Both Yarra and Darebin Councils voted recently to change the way they mark January 26, from 2018 onwards.
Yarra Mayor, Cr Amanda Stone said the changes have been informed by in-depth conversations with the local Aboriginal community, as well as feedback from the broader Yarra community.
“The overwhelming sentiment from our Aboriginal community is that January 26 is a date of sadness, trauma and distress. They have told us that this is not a day of celebration, but a day of mourning,” said Cr Stone.
“We also commissioned an independent survey of nearly 300 non-Indigenous people in Yarra, which showed strong support for change. 78.6% of broader community respondents supported the idea of Council holding an event to acknowledge Aboriginal experiences of January 26.
“In recognition of our Aboriginal community’s experiences, we will hold a small, culturally-sensitive event acknowledging the loss of culture, language and identity felt by the community on January 26.
“We will also be undertaking community education to help people better understand the Aboriginal community’s experiences of this date,” she said.
“In the last 12 months there has been a groundswell of community support for change from both Aboriginal and non-Aboriginal people across the country. The community is looking for leadership on this issue.
“People can still have their barbeques and parties on the January 26 public holiday, but I hope our stance encourages people to stop and think about what this date really means in the history of our nation.
“A celebration of national identity should be inclusive of all Australians. 26 January is not an appropriate date because it marks the beginning of British colonisation and the loss of culture, language and land for Australia’s First Peoples,” said Cr Stone.
In addition, Council will no longer hold a citizenship ceremony on January 26. However, it will continue to hold the bimonthly ceremonies on other days throughout the year.
Read the Council’s full resolution here
The City of Darebin in Melbourne’s north, which included suburbs of Northcote, Thornbury, Preston and Reservoir, voted on Monday night to follow the lead of neighbouring Yarra Council in moving its Australia Day events from January 26.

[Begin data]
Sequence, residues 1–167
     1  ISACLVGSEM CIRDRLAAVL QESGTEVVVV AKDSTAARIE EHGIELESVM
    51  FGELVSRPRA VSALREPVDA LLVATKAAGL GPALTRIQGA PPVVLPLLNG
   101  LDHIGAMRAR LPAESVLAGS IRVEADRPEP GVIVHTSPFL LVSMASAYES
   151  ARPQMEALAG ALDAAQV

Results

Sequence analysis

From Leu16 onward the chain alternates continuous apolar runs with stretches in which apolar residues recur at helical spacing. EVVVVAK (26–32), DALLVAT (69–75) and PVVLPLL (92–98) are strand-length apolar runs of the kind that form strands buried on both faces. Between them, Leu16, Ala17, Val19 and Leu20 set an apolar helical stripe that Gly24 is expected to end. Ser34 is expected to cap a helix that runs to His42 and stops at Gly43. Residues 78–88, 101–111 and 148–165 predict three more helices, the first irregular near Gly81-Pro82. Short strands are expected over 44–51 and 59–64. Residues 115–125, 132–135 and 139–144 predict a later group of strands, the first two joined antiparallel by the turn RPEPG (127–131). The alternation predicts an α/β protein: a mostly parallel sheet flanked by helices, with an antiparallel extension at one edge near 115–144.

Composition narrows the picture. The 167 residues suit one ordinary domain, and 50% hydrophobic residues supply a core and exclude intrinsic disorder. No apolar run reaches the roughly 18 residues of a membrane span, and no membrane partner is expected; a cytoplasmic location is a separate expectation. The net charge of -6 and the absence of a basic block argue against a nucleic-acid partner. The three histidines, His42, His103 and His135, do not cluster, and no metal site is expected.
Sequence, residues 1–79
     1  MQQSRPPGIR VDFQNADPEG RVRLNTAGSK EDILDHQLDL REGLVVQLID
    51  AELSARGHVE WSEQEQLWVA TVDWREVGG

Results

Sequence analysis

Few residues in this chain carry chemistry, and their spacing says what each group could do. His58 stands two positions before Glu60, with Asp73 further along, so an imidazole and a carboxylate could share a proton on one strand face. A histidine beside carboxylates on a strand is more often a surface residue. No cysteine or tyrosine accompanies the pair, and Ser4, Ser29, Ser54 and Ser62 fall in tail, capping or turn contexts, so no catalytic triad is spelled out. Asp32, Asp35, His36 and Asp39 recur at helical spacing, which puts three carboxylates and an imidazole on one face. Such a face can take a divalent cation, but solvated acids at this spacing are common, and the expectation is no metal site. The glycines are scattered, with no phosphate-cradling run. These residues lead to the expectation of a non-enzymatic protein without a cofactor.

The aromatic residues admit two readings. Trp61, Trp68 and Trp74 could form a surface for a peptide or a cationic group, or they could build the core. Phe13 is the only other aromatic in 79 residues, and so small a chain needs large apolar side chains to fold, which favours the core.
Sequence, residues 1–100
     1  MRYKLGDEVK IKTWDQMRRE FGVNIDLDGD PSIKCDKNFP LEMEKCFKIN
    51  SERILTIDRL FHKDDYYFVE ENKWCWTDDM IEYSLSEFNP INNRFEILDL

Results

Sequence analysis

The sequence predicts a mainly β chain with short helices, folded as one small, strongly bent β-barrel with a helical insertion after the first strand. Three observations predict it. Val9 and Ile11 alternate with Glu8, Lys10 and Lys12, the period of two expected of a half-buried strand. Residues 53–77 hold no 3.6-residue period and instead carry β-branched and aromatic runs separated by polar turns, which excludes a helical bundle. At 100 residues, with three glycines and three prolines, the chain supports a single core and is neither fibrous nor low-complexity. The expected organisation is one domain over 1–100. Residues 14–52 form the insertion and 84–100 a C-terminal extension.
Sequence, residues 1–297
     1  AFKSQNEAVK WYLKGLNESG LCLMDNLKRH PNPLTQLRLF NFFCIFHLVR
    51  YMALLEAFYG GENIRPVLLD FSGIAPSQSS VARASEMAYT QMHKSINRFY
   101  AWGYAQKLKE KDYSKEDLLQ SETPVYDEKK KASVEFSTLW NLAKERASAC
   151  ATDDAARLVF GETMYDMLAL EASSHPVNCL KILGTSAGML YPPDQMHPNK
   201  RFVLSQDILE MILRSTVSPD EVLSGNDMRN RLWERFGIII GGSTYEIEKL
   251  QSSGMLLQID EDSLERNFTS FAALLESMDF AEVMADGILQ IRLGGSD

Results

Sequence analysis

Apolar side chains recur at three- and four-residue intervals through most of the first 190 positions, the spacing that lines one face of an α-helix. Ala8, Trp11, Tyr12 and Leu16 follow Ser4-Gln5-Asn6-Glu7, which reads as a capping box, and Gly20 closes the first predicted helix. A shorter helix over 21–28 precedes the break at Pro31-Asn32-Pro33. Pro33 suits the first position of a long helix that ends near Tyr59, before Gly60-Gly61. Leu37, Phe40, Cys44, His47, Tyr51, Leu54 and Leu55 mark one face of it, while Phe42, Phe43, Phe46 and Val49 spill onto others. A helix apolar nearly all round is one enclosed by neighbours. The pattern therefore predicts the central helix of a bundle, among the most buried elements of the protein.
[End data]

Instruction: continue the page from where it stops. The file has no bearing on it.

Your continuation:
Emotional Indigenous community members held up an Aboriginal flag and gave councillors a standing ovation as the decision was handed down.
A council report said there was a surge in community support to change the date.
It said while Australia Day marked the arrival of the first British ships in 1788, it had become known as Invasion Day among many Indigenous Australians and was a day of “sorrow and mourning.”
Darebin Mayor Kim Le Cerf said it was time to stop unnecessarily excluding Indigenous people on January 26.
“It cannot truly be a national day when the oldest part of our nation cannot hold it equally with the rest us,” she said. “It is time to set it right.”
At least another two councils – Moreland and Hepburn Shire – are also debating whether to join the battle to change the date of Australia Day.
Councillors voted to replace the ceremony with a “culturally appropriate event” and to dump all references to Australia Day, including renaming its Australia Day Awards the “Darebin Community Awards”.
The Victorian Local Governance Association issued this Media Statement supporting Yarra’s decision.
Yarra Mayor: This is why we unrecognised Australia Day
Amanda Stone, 19 August, The Age
Melbourne’s City of Darebin council decides to dump Australia Day ceremonies
Elias Clure, ABC News
More councils eye changing the date of Australia Day after Yarra Council push
Tom Cowie, 17 August, The Age
Know the facts about Jan 26, says Wurundjeri Elder
Laura Morelli, NITV
City of Yarra council’s ‘attack on Australia Day’ angers Malcolm Turnbull
Elias Clure, ABC News
Darebin, Hepburn, Hobart and Fremantle councils are also considering their stance on January 26 celebrations. Read more here
Reconciliation Victoria supports a continuing national conversation about shifting our national day from January 26. Such a conversation would help us reflect on who are as a nation, what we stand for, and what date in our history best reflects those values and attributes.
Read Reconciliation Victoria’s Celebrating Australia Day 2017 Reflection Piece from January this year.
Last Updated: August 23, 2017 at 1:29 pm